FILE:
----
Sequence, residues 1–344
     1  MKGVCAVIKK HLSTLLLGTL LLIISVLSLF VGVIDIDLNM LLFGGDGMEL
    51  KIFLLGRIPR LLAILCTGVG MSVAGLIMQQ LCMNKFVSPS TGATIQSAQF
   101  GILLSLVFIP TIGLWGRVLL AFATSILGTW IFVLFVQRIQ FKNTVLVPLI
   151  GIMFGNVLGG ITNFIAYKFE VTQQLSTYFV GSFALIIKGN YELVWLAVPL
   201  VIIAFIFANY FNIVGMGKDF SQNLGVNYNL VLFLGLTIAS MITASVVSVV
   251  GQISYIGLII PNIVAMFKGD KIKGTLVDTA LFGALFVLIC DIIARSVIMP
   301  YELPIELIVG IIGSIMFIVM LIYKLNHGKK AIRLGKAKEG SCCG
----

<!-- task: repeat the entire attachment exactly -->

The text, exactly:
Sequence, residues 1–344
     1  MKGVCAVIKK HLSTLLLGTL LLIISVLSLF VGVIDIDLNM LLFGGDGMEL
    51  KIFLLGRIPR LLAILCTGVG MSVAGLIMQQ LCMNKFVSPS TGATIQSAQF
   101  GILLSLVFIP TIGLWGRVLL AFATSILGTW IFVLFVQRIQ FKNTVLVPLI
   151  GIMFGNVLGG ITNFIAYKFE VTQQLSTYFV GSFALIIKGN YELVWLAVPL
   201  VIIAFIFANY FNIVGMGKDF SQNLGVNYNL VLFLGLTIAS MITASVVSVV
   251  GQISYIGLII PNIVAMFKGD KIKGTLVDTA LFGALFVLIC DIIARSVIMP
   301  YELPIELIVG IIGSIMFIVM LIYKLNHGKK AIRLGKAKEG SCCG